Wine season in Washington state almost perfect

By Andy Perdue, Tri-City HeraldSeptember 4, 2012 

After three difficult years, Washington winemakers figure Mother Nature owes them a good vintage. So far, she has provided a near-perfect growing season, just as harvest is beginning.

"The weather is perfect," said Co Dinn, director of winemaking for Hogue Cellars in Prosser. "We're heading to a really nice harvest."

All estimates point to a record wine grape harvest this fall, with some believing the state will top 200,000 tons. Dinn, who oversees one of the largest wineries in the state, is preparing by bringing in new stainless steel tanks from California to increase capacity. Hogue also is building a new crush pad, which will be ready Sept. 10, the day Dinn hopes to begin bringing in grapes.

If that doesn't keep him busy, one of his winemakers is expecting the arrival of his first baby Thursday.

"This is as busy as I can recall being since I got here in 1996," he said.

In Richland, Barnard Griffin owner/winemaker Rob Griffin plans to bring in Sauvignon Blanc grapes this morning. They will come from Sagemoor Vineyards, north of Pasco. By comparison, last year was so cool, that same block of grapes arrived Sept. 16 -- and Griffin admits he probably should have waited longer.

Despite the expected record harvest, Griffin plans to scale back his operation this year. He will crush 650 tons of grapes instead of the 1,200 tons he did just two years ago. Griffin calls this "a balancing move" in the wake of the privatization of state liquor stores this summer. About 8 percent of his wine was sold through the state liquor stores, and he still is trying to sort out new ways of getting wine into customers' hands.

"They were a substantial customer," he said.

One change is a major remodel he just finished at his south Richland facility. He added several thousand square feet to his operation and converted warehouse space into a wine lounge. He hopes to draw more customers to the winery and sell more wine directly to the public.

Meanwhile, all of his focus is on harvest and the weather.

"My perfect scenario is a gentle calming of all this heat," he said. "Staying dry is really important. Days that peak in the mid-70s and nights in the 40s and 50s would be ideal. That's not impossible, and there's not a lot of reasons to think we're going to get rain."

At Washington's oldest winery, winemakers are preparing for the eight-week onslaught of grapes.

"Almost all the tanks in Woodinville are empty," said Bob Bertheau, head winemaker at Chateau Ste. Michelle. "We're preparing for a lot more grapes to come through the door."

Bertheau expects to start harvesting Friday, bringing in Sauvignon Blanc and Chardonnay from warmer sites in the 11 million-acre Columbia Valley. Ste. Michelle's white wines are made at its headquarters in Woodinville, northeast of Seattle. Its red wine facility is on Canoe Ridge in the Horse Heaven Hills, west of Paterson.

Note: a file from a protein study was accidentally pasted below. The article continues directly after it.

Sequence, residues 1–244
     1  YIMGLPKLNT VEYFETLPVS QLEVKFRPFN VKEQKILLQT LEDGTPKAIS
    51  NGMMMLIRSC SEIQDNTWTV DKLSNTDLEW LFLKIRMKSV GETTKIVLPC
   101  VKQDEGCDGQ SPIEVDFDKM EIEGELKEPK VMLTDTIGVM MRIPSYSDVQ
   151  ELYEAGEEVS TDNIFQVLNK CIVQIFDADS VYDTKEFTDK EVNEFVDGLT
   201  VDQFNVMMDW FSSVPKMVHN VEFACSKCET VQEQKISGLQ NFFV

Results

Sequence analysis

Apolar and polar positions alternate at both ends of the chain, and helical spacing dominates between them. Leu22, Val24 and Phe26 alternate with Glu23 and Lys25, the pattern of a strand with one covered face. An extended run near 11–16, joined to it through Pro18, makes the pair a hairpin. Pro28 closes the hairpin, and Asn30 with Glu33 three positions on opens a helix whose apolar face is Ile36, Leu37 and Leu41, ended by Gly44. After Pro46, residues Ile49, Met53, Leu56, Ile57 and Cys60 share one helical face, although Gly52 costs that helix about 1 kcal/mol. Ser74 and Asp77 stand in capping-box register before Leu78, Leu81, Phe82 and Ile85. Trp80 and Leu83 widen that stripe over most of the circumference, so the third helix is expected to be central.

He said that while the harvest will be much bigger, it should not be as difficult as the last two because it will be more spread out, thanks to optimal weather from Mother Nature.

"She owes us a little bit," Bertheau said with a grin.

On Red Mountain near West Richland, Charlie Hoppes said the grapes look perfect, and he's excited to get started on his 25th harvest in Washington wine country. Hoppes, who owns Fidelitas Wines, will be harvesting his first estate grapes, all Cabernet Sauvignon from 3 acres at his winery on Sunset Road.

"Everything looks good," he said. "We're getting back to a normal year."

Hoppes recently purchased 10 acres next to his winery. He is looking forward to the Kennewick Irrigation District project that will bring water to Red Mountain and hopes to plant grapes there in 2014.

The former red winemaker for Chateau Ste. Michelle brings in grapes from all over the Columbia Valley, but he has begun to focus more of his attention on Red Mountain, especially with new plantings in recent years meaning more grapes are available.

He will begin bringing in red grapes in about two weeks to his production facility off Wellsian Way in Richland. He will crush about 160 tons of grapes for Fidelitas and another 240 for other clients.

And he is excited to get started.

"We've had perfect temperatures," he said. "How great is that?"

Tri-City Herald is pleased to provide this opportunity to share information, experiences and observations about what's in the news. Some of the comments may be reprinted elsewhere in the site or in the newspaper. We encourage lively, open debate on the issues of the day, and ask that you refrain from profanity, hate speech, personal comments and remarks that are off point. Thank you for taking the time to offer your thoughts.

Commenting FAQs | Terms of Service